The (Broken) Spirit of the Marathon

In the wake of all of the controversy surrounding the NYC Marathon, and being one of the 40,000+ individuals originally scheduled to run it this year, I just felt I needed to put my two cents in, as there have been a lot of opinions flying around.

Just as a disclaimer, this post isn’t meant to show any disrespect to anyone that was affected by the tragedy. My heart goes out to any and all that may have been affected, and by no means does any of what I have to say pale in comparison of what has happened this week. It’s just a few of my thoughts and how saddened I have been over how the situation was handled with the marathon. How many runners had been unfairly vilified for their involvement in something that was once a positive symbol of the city, as well as the wasted efforts and negative energy that could have been put to use in a positive way.

After many years of failing to get into the marathon, this year I decided to fundraise for a charity so I could not only run my first marathon, but run alongside my father (for the first time) and boyfriend who got in–and bonus, run for an awesome cause I felt passionate about. And thanks to many of my great friends and family, as well as the help from my father and Adam, I raised $3,000 for the ASPCA, a charity that is also currently helping rescue animals in need during these relief efforts. For the last four months my heart has 100% been into training nearly every day and waiting nervously for November 4th. Of course now, none of that matters, and all of this went out the window when the Hurricane hit. I can’t say that I wasn’t disappointed, because I was, but my needs weren’t at the forefront anymore. It was just a race. It’s still just a race. And I am grateful and feel very lucky that throughout this week, I was spared from any of the unfortunate consequences and tragedies that happened to millions in the area as a result of the Hurricane.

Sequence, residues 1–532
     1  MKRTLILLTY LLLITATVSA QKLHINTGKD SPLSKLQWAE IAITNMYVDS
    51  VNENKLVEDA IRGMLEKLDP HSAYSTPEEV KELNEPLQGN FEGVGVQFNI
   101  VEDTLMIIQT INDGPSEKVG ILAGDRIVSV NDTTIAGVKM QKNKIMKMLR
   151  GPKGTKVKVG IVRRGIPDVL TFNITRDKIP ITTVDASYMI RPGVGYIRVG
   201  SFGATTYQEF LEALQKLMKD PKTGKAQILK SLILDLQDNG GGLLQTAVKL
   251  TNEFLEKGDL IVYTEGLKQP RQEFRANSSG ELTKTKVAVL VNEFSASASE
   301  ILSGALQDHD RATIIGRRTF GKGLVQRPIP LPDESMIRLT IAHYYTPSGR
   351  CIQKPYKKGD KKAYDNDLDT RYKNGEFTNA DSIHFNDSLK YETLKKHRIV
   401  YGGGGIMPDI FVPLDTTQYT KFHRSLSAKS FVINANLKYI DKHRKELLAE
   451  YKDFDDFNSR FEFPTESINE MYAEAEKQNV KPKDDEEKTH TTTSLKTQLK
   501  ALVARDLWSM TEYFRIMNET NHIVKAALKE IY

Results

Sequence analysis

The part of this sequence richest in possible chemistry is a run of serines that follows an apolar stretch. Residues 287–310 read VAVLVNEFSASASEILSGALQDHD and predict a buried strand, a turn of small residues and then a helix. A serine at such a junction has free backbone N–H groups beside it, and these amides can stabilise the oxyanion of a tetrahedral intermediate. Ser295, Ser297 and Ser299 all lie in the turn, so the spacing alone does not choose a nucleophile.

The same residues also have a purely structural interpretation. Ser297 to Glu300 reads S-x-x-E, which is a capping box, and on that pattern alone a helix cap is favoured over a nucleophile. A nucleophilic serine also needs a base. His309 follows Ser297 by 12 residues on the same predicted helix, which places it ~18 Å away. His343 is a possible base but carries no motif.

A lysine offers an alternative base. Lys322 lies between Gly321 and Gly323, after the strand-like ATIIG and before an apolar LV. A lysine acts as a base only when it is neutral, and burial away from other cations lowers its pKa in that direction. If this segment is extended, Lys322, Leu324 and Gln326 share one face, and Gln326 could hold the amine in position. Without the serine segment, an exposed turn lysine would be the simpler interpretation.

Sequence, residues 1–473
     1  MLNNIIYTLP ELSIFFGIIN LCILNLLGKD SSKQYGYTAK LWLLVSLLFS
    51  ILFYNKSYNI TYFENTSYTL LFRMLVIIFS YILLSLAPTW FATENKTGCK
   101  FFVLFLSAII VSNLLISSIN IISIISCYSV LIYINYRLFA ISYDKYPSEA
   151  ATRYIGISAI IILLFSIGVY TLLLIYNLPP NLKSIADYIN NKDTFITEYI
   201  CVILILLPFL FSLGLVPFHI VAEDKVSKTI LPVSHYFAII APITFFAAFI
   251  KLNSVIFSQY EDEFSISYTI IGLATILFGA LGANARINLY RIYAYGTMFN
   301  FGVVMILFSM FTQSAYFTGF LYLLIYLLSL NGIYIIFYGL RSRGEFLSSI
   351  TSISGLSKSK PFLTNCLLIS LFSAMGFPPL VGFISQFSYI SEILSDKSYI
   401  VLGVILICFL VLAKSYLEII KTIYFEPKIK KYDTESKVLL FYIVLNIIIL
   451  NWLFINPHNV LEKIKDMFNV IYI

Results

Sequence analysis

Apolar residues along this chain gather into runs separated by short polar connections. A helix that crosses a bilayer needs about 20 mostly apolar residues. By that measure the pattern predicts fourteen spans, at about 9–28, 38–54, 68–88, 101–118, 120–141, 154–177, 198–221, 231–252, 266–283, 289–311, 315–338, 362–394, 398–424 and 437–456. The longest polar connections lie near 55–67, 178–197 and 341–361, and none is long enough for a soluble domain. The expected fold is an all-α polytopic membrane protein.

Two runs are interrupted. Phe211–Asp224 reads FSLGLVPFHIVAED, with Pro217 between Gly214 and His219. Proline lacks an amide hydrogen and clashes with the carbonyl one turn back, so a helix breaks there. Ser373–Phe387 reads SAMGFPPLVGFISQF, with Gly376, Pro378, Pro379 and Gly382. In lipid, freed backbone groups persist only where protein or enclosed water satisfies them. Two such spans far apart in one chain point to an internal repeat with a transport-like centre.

On Tuesday, when Mayor Bloomberg, along with NYRR, said the Marathon would go on, I had to trust their decision and that they wouldn’t carry on, if it wasn’t in the best interest of the city. Believe me, I was trying to get all of the information I could, so I could also make my own personal assessment before doing anything.

As the week wore on, and the more I read from the opposition, the sicker and sicker I felt. The things I read on the Internet, saw on TV, and show up on Facebook started to make my stomach churn and it saddened me to no ends. In light of all the tragedy and horrible things happening to this city, I also saw a very ugly side of humanity, which was deeply disheartening on all accounts, especially at a time like this. In large part to the media, a very unfair and negative portrait of runners was painted, being chastised for their participation in an event that was once a symbol for inspiration and hope. We were looked at as if we were indifferent to those in need, when we really wanted to make something positive out of the negative.

Some of this is paraphrased from Adam’s post: